Out of the Archives: OCHS students took interest in oil and gas

From staff reports

As the oil and gas industry thrived over the years in the Oil Valley, its success prompted a large number of Oil City High School students to enroll in the school’s oil and gas field of study.

In the 1940-41 school term, the industry jobs were further enhanced with growing signs that the U.S. would be drawn into the war in Europe, an endeavor that would depend hugely on ensuring the nation could produce copious and steady supplies of fuel.

Mindful of that, the 1941 Oil Can staff departed from what it described as “the must” entries in a typical yearbook and instead focused on celebrating their hometown and its industries.

The theme also highlighted the time-honored title – the Oil Can – of the annual yearbook.

In a preface, the staff, led by editor Ben Magdovitz, wrote: “The theme is in accord with the economic life of our home town. We have attempted to draw a parallel in our school life to that of the great oil industry. Production, transportation, refining, and distribution are the four pillars upon which we have built the contents of this book.”

It continued, “The theme of this book places the students in the role of the raw product to be refined.”

The theme was accented by numerous photographs of the local oil and gas industry. The entries include pictures of Drake Well, Oil Creek Valley refineries, McClintock Well, railroad tank cars and more.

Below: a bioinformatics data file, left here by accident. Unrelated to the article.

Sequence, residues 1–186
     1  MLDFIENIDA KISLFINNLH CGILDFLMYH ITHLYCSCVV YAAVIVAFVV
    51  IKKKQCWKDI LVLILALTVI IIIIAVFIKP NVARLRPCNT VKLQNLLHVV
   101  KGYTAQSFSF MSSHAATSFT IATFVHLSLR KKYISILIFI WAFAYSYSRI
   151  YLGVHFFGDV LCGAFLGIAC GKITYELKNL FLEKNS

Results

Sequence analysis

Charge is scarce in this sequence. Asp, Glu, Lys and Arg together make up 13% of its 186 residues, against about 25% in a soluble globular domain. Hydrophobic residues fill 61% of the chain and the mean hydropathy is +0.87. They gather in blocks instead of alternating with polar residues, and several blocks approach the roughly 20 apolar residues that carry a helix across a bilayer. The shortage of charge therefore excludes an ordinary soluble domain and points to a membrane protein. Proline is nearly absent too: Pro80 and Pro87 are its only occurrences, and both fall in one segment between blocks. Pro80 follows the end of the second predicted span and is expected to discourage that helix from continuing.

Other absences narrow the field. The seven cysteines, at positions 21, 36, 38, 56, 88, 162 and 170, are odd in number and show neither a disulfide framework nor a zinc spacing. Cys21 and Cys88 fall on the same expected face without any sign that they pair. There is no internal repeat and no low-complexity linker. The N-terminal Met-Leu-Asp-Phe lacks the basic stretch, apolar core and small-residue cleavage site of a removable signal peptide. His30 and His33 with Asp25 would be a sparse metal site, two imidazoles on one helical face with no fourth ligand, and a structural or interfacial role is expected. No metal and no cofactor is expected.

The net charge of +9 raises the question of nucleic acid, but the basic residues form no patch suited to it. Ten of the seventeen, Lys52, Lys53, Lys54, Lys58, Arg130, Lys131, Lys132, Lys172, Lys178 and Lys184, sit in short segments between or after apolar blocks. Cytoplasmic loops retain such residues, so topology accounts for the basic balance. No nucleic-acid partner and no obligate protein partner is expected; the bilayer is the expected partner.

Taking top billing were photographs of the oil and gas students in the opening pages of the yearbook.

The Oil and Gas Club photograph carried the caption: “Its purpose is to give students an opportunity to learn oil field production; transportation and refining practices; to afford a better understanding of materials and processes of oil refining; to develop a skill in the use of oil field tools and equipment; and to build habits of industry, initiative, economy and cooperation.”

The Oil City High School class of 1941 numbered 327 students.

The 1941 Oil Can was dedicated to staff yearbook advisor Beryl Eddy “with the greatest regard and highest estimation for her, both as a teacher and a genuine friend.”